attack days later would cross the Oise and the lower Ailette. It was an ambitious series of plans, and the
preparations were in full swing. But with the failure of Operations Georgette
and Michael, the Germans were starting to run out of time and resources. In fact, Ludendorff’s situation was now
worse than it had been before Michael in March. He no longer had the army with which he had
begun the year, having taken well over 300,000 casualties in just the past 6 weeks. That’s one out of every ten German soldiers
on the whole Western Front, so yeah, they’d literally been decimated. Over 50,000 of the absolute best troops had
been killed, and there just did not exist replacements of the same quality. A lot of the rest were demoralized, and they
had reason to be, for though they didn’t know the exact numbers, they knew that American
troops were arriving in droves and as the weeks passed those troops were ever more ready
to join the fight in the field. We’ve talked before about the colossal challenge
it was to get an American army ready for war, but I’ll throw out a comparison here just
to give you an idea of what had been accomplished in little more than a single year. When America joined the war, its entire army
was smaller than the casualties the British took at the Somme, or the French at Verdun,
or even the Germans at Verdun. Just saying. Where would the Americans fight, anyhow, once
they did actively join in force? The British held the north and the French
the approaches to Paris, so that pretty much left the East, just south of Verdun. Pershing approved of this , since a breakthrough
that captured Metz could really hurt the Germans, if he could pull it off. He also did not listen to his allies and give
top priority to the skills of trench warfare, and thought the war ahead was a war of movement. Whether or not that would be the case, he
saw skill with the rifle as the key to victory and was kind of blind to the effect of machine
guns on infantry operations. We’ve seen this often so far in the war,
and that is the kind of thing that can come back to haunt you. Anyway, hundreds of thousands of men and millions
of tons of stuff had to be brought in from the French coast. An office was set up in Paris where Chicago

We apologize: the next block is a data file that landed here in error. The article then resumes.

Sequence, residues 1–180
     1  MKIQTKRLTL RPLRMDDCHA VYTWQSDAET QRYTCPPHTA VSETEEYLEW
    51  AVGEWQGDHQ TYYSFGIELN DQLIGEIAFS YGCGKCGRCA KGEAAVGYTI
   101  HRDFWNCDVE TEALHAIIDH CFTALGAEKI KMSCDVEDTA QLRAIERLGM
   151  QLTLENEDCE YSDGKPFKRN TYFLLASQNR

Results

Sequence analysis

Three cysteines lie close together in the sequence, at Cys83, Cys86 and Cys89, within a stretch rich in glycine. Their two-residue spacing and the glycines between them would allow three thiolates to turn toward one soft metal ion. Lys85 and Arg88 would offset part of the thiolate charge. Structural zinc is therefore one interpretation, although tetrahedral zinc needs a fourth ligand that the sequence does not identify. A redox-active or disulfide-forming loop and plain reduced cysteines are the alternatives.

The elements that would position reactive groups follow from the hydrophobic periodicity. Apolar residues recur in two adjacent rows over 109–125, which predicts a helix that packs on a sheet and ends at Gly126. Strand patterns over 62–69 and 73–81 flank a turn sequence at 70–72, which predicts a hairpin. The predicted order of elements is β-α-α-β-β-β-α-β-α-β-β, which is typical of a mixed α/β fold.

banker Charles Dawes managed and purchased supplies. This was all done day-to-day pretty much on
a wing and a prayer since the magnitude of even the “little” things was staggering. Like to provide telephone set up for the American
Expeditionary Force? Yeah, the Americans installed 22,000 miles
of phone lines, and leased 12,000 more from the French. That’s nearly 50,000 kilometers. Which is 10,000 km more than the entire circumference
of the earth, so there were some logistical issues. And those telephone lines were lit up this
week by news of the ongoing Bonnet Rouge trial. Lieutenant Marchand, an interpreter with the
French army and an expert in German propaganda, testified the 7th against the directors of
the Bonnet Rouge newspaper. He showed the similarity between the Bonnet
Rouge and the Gazette des Ardennes, which is a paper the Germans published in French
in occupied France to dishearten soldiers and the French population. Some of the Gazette articles- which did not
appear in the Bonnet Rouge because of censors- also appeared in a German published paper
in Zurich. Marchand showed that in 15 different press
campaigns, the Bonnet Rouge, the Gazette, and the Zurich paper used the same arguments,
cited the same facts, had the same style of composition, and even made the same errors
in citation. The final phase of the trial is next week,
but things are not looking good for the seven accused. Another paper was in the news this week, though
not a newspaper. On the 7th, the Peace of Bucharest was signed